Since most researchers and physicians believe AIDS to be caused by an infective agent, probably a virus, that is where research is being primarily directed. AIDS is now, after a deplorably slow start, attracting research funding in the US. Cynics might suggest that this has something to do with the fact that AIDS is now killing little babies and respectable heterosexuals, and not just queers, junkies and black immigrants. Be that as it may, Congress members sensitive to gay issues (mostly those with lots of gay voters in their districts) have begun to steer AIDS research money bills through Washington's maze of funding subcommittees.

However, gay activists in the US, particularly in New York, have been bitterly critical of the slowness with which research funding has been distributed, particularly by the National Institutes of Health (NIH): even after Congress has approved it. Larry Kramer write in the Native of March 1983:

"For over a year and a half the National Institutes of Health has been 'reviewing' which from among some $55 million worth of grant applications for AIDS research money it will eventually fund. There is no question that if this epidemic were happening to the straight, white, non-intravenous drug-using, middle-class, that money would have been put into use almost two years ago when the first alarming sign of this epidemic were noticed by Dr Alvin Friedman-Kien and Dr Linda Laubenstein at New York University Hospital.

"During the first two weeks of the Tylenol scare, the government spent $10 million to find out what was happening.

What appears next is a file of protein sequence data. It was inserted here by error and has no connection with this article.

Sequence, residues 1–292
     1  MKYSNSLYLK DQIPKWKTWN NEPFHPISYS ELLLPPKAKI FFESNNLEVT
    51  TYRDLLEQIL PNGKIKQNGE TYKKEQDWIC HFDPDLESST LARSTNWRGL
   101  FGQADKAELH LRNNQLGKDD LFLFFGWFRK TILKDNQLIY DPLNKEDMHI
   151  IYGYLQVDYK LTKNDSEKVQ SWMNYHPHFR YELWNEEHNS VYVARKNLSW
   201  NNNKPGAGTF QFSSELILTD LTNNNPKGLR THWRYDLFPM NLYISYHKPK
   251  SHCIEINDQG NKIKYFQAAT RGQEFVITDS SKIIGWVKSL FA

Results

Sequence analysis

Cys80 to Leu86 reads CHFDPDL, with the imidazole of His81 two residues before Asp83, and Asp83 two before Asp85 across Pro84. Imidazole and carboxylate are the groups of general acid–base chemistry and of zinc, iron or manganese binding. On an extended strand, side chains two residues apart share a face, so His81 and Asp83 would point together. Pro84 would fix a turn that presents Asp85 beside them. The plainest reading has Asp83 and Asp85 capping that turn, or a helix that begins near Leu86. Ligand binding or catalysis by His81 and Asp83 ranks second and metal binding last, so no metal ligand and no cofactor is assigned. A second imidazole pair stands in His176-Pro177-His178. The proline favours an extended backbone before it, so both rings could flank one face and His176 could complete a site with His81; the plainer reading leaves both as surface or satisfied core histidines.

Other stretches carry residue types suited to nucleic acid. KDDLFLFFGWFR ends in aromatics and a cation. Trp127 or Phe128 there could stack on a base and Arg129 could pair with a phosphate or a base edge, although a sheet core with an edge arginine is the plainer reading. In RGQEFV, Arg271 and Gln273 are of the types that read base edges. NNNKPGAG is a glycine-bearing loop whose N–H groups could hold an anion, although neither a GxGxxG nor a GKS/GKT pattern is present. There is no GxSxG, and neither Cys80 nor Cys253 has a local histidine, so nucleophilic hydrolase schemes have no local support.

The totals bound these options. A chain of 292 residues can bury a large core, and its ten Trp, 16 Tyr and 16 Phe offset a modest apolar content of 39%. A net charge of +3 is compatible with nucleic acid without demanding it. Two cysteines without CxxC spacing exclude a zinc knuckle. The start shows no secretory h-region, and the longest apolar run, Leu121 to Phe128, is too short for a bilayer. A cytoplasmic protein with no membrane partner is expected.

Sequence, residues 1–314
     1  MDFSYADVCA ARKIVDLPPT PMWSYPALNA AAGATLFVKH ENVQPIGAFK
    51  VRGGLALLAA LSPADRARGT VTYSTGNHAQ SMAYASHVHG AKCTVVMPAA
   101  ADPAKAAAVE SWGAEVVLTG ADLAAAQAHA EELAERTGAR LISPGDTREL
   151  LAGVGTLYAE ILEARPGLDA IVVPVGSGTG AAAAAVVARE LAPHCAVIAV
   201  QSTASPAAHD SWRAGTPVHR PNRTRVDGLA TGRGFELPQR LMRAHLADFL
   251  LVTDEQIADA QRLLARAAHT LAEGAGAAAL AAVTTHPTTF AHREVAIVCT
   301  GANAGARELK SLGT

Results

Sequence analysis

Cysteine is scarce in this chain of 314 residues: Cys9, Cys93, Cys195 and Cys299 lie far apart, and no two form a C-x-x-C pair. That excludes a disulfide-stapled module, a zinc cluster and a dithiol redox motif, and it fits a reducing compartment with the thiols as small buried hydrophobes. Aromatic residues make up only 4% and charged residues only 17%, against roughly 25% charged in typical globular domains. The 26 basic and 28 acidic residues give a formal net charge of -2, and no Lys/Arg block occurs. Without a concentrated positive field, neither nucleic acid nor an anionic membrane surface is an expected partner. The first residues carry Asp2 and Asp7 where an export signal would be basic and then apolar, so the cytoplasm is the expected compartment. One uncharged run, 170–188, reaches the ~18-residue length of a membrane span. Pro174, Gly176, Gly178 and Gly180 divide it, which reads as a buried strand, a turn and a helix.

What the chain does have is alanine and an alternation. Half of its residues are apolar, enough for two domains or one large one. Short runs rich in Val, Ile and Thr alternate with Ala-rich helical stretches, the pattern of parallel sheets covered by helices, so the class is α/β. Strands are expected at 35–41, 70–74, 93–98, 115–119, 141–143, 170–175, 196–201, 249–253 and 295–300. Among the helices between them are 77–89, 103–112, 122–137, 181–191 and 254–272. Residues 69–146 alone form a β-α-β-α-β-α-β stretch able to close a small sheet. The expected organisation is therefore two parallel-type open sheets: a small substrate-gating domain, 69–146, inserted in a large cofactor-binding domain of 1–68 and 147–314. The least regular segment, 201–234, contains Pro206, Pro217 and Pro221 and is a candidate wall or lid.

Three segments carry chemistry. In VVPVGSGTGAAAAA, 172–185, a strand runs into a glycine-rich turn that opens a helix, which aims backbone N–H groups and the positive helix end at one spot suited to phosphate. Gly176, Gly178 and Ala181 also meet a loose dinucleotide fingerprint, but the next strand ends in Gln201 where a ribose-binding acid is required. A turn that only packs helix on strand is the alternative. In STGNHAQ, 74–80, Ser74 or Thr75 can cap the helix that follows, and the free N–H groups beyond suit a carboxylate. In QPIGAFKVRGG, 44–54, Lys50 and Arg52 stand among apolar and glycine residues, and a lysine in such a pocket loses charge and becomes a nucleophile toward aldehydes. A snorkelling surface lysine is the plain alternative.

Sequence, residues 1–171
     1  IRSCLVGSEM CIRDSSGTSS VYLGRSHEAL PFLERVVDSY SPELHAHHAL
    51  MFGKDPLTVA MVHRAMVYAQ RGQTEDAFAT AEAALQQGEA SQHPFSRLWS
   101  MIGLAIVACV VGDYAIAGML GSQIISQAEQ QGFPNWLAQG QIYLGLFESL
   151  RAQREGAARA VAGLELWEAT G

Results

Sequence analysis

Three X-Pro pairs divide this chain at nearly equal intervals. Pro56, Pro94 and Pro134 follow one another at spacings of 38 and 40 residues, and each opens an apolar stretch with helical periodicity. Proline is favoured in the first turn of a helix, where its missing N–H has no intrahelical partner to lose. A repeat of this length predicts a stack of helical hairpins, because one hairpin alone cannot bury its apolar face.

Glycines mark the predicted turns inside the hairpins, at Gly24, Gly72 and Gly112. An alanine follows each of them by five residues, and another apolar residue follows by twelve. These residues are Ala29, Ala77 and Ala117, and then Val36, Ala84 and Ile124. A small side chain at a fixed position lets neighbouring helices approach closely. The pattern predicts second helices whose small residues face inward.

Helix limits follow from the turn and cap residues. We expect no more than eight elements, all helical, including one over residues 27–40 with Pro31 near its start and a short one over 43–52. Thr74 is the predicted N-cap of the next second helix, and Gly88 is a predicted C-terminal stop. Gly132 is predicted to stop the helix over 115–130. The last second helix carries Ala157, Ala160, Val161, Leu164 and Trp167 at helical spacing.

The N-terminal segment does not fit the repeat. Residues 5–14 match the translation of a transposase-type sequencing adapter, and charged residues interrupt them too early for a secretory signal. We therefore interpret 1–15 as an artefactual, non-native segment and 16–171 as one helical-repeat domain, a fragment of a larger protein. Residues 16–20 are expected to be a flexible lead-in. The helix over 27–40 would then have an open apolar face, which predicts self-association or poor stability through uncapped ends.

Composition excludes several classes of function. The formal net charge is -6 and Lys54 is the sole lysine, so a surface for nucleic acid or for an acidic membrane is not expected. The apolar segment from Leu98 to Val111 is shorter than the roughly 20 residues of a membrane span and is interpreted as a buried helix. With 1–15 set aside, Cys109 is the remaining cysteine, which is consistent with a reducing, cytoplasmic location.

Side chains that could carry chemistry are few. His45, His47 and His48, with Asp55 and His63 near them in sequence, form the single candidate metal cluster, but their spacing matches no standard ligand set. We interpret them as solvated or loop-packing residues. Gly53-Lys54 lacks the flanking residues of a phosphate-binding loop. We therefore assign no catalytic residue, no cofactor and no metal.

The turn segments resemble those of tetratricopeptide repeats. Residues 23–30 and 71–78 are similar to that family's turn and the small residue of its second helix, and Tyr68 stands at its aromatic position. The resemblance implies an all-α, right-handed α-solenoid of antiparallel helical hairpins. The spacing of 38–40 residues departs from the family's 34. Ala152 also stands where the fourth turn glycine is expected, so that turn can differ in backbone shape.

"Every hospital in New York that's involved in AIDS research has used up every bit of the money it could find for researching AIDS while waiting for grants to come through. These hospitals have been working on AlDS for up two years and are now desperate for replenishing funds. Important studies that began last year, like Dr Michael Lange's at St Luke's-Roosevelt, are now going under for lack of money. Important leads that were and are developing cannot be pursued."

From the research that has been done, there have been some leads, but no breakthroughs. However, another possible suspect has been unearthed. Adult T-cell Leukemia Virus (ATCLV). This virus, which-causes a rare form of leukaemia affecting the T-lymphocytes, has been previously suggested as a possible agent, (Lancet, 2 April 1983) but without evidence. Now research teams at the Harvard School of Public Health, the US National Cancer Institute and the Pasteur Institute have all reported finding ATCLV antibodies (not the virus itself, but an indication that the virus has at some stage been present) in the bloodstreams of AIDS patient. (The Age, Melbourne, 14 May 1983). This finding has been described as "provocative," "intriguing" and "a very strong lead," but it is most unlikely that it will lead anywhere but to more research for at least a year. Immunological and virological research is a slow process, even when people are dying. The HBV vaccine took 15 years to develop, even when the virus was well-understood.